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Starts With A Bang

Ask Ethan: Is Dark Matter The ‘Aliens’ Of Astrophysics?

If you can’t explain the astrophysical signal that you see and cry ‘dark matter,’ chances are you’re not thinking hard enough.

Despite our knowledge of the laws of physics, and the successes of the Standard Model and General Relativity, there are a number of observations out there in the Universe that still lack a complete explanation. From star formation to high-energy cosmic rays, the Universe still has its mysteries. Although we’ve discovered a great deal about space, we still don’t know it all. For example, we know that dark matter exists, but we don’t know what it’s properties are. Does that mean we can attribute anyunknown effect to dark matter? An anonymous reader wants to know.

There are SO many things I want to know… dark matter. The standard statement: [it] doesn’t interact with matter except gravitationally. So, much like the old conundrum about Black holes — something that sucks up everything — how DO you find it? Then I read it is detectable (at least somewhat) by means other than gravitational lensing. What is the annihilation process? Similar to positron/electron [annihilation]?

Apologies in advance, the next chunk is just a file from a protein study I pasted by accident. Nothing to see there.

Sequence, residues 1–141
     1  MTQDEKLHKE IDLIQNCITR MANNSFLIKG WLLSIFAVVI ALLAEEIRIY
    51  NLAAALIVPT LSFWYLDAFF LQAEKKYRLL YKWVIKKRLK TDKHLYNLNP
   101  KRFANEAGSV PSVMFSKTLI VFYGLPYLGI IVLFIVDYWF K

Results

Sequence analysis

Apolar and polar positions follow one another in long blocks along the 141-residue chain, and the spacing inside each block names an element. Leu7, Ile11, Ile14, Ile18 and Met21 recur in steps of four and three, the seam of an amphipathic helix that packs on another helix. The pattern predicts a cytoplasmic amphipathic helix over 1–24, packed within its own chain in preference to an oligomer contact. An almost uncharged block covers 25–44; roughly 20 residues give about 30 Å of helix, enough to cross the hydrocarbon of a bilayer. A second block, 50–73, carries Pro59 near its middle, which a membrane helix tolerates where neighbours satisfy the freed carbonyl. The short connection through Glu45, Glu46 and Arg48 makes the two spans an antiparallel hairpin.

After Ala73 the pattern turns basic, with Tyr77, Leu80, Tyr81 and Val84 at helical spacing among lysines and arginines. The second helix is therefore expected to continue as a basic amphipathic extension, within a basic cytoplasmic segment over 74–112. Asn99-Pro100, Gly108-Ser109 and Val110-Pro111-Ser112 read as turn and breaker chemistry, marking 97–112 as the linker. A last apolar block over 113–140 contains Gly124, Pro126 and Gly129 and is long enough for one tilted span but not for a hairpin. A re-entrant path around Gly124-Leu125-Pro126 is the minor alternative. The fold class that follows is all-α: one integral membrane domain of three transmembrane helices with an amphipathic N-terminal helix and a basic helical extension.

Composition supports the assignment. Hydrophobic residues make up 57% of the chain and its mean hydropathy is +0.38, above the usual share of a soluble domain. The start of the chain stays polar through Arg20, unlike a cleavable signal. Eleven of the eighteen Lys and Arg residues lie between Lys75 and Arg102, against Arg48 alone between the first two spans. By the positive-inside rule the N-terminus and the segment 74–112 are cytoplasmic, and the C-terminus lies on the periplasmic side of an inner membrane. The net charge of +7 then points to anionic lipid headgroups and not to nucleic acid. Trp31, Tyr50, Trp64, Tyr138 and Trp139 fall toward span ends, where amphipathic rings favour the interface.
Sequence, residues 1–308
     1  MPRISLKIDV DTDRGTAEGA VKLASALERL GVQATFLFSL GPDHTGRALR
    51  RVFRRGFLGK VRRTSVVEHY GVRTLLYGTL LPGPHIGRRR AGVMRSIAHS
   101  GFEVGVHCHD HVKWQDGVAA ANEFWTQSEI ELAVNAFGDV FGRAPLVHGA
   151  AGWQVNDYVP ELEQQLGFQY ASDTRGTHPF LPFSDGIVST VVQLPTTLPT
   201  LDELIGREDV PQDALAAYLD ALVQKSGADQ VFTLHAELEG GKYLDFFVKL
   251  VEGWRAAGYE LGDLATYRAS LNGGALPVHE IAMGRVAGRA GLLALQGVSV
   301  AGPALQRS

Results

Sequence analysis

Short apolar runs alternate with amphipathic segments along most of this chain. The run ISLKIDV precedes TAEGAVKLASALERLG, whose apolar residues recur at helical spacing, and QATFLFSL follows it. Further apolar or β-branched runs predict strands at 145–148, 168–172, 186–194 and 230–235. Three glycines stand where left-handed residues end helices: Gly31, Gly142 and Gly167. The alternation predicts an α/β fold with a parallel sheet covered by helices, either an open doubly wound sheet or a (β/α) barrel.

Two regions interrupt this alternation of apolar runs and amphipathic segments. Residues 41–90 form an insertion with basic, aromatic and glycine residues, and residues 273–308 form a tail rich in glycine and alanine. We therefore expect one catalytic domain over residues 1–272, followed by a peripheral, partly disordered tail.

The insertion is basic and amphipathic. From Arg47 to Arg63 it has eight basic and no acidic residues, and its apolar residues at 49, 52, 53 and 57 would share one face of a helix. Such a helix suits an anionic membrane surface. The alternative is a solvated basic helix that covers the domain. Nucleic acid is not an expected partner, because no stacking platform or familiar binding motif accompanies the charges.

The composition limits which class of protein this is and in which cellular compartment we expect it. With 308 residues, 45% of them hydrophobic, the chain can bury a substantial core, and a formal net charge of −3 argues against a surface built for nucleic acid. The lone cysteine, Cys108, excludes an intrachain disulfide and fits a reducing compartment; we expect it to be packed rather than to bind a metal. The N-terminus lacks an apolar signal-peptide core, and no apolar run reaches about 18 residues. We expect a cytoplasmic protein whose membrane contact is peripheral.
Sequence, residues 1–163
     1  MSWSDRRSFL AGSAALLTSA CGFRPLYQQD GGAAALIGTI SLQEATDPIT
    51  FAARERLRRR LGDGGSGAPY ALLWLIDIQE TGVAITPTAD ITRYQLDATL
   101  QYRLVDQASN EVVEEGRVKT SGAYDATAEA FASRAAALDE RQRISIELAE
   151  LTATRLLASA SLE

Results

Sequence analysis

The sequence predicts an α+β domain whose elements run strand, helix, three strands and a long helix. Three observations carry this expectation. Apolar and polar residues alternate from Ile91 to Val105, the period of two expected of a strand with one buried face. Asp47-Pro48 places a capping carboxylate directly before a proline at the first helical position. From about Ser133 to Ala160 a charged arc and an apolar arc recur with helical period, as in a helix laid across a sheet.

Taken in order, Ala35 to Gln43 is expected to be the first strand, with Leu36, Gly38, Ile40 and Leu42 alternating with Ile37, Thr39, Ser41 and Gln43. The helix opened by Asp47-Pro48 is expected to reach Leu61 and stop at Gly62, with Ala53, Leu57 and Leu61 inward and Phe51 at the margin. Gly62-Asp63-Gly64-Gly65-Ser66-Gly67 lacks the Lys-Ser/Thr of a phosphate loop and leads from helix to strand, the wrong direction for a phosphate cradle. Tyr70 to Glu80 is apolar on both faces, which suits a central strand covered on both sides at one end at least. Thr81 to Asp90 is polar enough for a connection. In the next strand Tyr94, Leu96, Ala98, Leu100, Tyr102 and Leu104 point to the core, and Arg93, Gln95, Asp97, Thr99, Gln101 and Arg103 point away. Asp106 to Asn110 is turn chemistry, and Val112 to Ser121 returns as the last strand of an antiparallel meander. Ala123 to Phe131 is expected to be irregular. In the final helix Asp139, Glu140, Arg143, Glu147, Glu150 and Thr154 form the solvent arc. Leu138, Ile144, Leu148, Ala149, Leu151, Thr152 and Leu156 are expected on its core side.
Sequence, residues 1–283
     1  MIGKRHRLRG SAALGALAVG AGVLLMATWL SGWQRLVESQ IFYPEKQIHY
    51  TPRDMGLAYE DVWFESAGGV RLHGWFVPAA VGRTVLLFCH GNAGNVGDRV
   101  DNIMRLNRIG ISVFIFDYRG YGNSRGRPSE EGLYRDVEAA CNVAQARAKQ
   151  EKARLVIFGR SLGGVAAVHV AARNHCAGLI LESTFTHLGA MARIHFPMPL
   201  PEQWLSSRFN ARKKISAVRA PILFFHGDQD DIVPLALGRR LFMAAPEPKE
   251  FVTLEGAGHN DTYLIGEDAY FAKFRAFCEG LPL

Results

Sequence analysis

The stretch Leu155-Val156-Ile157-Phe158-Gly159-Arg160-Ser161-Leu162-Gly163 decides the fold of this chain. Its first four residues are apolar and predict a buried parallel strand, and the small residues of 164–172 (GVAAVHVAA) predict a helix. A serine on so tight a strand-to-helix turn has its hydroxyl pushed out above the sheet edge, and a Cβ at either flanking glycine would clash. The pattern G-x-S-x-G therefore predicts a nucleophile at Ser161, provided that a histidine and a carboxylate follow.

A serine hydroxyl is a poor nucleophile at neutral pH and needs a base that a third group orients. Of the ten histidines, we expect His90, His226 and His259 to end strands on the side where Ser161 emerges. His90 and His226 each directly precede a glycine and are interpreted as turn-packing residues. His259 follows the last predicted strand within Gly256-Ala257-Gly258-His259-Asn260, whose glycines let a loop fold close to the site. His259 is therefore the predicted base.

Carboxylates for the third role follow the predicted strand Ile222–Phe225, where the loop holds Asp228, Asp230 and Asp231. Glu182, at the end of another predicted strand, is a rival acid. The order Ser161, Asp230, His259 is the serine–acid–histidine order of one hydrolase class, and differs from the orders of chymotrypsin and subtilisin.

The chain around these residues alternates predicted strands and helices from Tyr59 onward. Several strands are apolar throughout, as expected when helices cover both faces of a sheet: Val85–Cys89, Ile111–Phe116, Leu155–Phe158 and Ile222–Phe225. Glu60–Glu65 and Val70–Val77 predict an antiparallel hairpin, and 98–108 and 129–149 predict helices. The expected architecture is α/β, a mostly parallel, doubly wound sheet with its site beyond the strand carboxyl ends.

There are a lot of mysteries out there, as well as a lot of evidence for dark matter. But blaming dark matter for the other mysteries is not only short-sighted, it’s a terrific example of showing what happens when scientists run out of good ideas.

The two bright, large galaxies at the center of the Coma Cluster, NGC 4889 (left) and the slightly smaller NGC 4874 (right), each exceed a million light years in size. But the galaxies on the outskirts, zipping around so rapidly, points to the existence of a large halo of dark matter throughout the entire cluster. Image credit: Adam Block/Mount Lemmon SkyCenter/University of Arizona.